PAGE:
We are used to seeing waves come rolling in on beaches and shallow shores. There we expect to see big breakers roll in, or even perhaps small waves. As the wave rolls in and the depth of water becomes gradually shallower, the wave sharpens and eventually tumbles over itself in a breaker. In this painting we have a very different situation. The rocky shore rises up very abruptly from deep water. If we look at the sea as it crashes against the shore, we note there is no rolling wave as you would see on a beach.
On a beach, the shallow water forces the wave to peak and break, in deep water, the wave can travel right in against the rock face without having to peak like a breaker on a beach. The wave expends its energy against the rocky wall, piles up on the rock and tumbles back into the sea. If you look closely, you can see the streamlets of water pouring back into the sea as the wave dropped away from the rock. So there is a lot of foam and turbulence right against the rock, but without the clearly defined waves rolling in that you see on a beach.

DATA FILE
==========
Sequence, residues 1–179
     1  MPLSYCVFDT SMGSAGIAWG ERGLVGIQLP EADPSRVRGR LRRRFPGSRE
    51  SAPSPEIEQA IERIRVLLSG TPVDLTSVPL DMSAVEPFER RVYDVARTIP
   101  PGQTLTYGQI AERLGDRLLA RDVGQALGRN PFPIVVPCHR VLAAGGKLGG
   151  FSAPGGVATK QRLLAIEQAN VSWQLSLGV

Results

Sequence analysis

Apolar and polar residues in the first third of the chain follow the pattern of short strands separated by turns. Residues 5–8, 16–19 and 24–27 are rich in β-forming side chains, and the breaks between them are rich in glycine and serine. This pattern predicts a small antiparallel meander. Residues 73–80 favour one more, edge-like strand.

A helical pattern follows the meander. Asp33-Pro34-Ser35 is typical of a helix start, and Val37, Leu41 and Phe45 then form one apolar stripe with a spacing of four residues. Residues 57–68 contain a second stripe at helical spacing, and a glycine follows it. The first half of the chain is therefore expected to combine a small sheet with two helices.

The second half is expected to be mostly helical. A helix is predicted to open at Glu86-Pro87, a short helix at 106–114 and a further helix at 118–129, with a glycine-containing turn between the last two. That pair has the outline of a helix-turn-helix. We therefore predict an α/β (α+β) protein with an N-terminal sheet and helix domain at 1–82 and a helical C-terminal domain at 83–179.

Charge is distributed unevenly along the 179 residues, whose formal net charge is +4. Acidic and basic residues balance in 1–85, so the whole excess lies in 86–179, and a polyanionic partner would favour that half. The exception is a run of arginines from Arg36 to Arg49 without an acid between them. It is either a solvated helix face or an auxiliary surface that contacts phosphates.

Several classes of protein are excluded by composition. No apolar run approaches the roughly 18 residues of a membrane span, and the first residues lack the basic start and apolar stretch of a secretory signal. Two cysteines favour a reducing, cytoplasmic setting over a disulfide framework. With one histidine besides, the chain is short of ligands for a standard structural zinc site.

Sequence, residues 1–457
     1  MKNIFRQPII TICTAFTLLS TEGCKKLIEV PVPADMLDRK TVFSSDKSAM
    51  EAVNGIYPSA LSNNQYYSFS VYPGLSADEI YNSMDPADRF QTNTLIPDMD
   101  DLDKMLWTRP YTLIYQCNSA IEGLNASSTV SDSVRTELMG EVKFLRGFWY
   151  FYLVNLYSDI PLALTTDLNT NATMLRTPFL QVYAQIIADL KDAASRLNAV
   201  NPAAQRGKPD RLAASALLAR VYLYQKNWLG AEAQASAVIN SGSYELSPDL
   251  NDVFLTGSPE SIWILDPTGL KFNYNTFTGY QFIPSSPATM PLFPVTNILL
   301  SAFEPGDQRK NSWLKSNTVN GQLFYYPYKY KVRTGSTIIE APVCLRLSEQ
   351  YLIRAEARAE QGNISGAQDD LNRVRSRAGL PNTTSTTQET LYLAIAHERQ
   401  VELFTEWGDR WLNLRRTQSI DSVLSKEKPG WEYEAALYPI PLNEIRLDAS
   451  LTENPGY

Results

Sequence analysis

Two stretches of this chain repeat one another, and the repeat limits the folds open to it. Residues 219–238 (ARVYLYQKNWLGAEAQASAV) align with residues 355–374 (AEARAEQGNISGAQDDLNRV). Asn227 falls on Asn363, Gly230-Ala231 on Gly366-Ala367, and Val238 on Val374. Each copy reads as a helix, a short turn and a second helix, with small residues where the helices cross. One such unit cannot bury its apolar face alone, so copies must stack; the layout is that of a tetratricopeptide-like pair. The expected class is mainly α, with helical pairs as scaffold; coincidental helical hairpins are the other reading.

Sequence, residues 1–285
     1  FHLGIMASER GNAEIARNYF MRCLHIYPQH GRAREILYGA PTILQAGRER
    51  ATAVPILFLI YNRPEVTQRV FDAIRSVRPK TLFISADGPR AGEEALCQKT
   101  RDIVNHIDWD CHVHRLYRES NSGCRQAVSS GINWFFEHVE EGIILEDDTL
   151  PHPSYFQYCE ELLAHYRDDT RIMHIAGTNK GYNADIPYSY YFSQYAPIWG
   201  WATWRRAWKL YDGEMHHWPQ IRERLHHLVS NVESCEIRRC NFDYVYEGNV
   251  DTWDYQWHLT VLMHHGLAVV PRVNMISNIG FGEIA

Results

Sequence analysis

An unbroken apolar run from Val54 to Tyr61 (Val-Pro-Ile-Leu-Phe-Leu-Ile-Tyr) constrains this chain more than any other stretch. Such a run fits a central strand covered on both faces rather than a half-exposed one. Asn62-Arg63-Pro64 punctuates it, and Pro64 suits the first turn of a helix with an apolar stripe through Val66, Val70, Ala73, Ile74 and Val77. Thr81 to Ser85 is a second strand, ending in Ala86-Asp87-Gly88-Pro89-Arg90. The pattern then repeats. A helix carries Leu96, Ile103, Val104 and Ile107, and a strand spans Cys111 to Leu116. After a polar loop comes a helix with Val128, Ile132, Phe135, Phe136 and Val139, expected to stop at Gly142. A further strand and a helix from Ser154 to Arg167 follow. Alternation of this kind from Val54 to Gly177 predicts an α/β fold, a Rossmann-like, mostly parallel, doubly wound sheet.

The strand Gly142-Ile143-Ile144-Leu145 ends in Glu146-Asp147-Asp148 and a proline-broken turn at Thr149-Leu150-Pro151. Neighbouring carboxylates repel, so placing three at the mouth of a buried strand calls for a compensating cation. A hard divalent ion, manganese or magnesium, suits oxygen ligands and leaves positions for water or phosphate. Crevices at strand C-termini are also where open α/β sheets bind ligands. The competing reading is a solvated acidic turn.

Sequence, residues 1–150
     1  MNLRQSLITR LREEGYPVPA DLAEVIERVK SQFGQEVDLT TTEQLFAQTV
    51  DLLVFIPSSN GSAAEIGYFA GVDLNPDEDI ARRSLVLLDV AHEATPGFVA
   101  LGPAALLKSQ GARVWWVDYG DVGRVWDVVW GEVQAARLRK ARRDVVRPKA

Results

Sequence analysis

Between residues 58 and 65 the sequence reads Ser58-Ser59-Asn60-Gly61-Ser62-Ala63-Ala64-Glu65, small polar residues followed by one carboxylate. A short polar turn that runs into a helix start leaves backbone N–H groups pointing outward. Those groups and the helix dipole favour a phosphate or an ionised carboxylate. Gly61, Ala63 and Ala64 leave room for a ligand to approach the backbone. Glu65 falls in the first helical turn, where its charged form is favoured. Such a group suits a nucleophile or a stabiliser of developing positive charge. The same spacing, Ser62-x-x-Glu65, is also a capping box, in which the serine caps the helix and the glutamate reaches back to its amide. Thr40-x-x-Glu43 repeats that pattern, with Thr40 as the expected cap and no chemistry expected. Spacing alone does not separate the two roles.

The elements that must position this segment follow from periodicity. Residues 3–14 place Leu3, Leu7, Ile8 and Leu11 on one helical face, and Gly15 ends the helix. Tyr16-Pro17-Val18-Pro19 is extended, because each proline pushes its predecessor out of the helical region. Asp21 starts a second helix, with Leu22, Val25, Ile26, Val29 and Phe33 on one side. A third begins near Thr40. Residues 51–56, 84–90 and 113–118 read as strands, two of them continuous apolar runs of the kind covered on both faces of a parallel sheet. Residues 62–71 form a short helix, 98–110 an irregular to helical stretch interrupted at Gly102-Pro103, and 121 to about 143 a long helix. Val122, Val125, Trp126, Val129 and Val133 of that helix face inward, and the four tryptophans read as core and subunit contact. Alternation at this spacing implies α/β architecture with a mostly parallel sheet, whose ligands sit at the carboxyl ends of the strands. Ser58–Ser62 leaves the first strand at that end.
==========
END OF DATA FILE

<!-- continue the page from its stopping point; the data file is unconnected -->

So, if you are painting a seascape against a steep rocky shore, make sure your waves are planned and painted to be consistent with what happens in the real sea; the waves are not at all the same as waves rolling in on a beach, and I think this painting helps to illustrate that.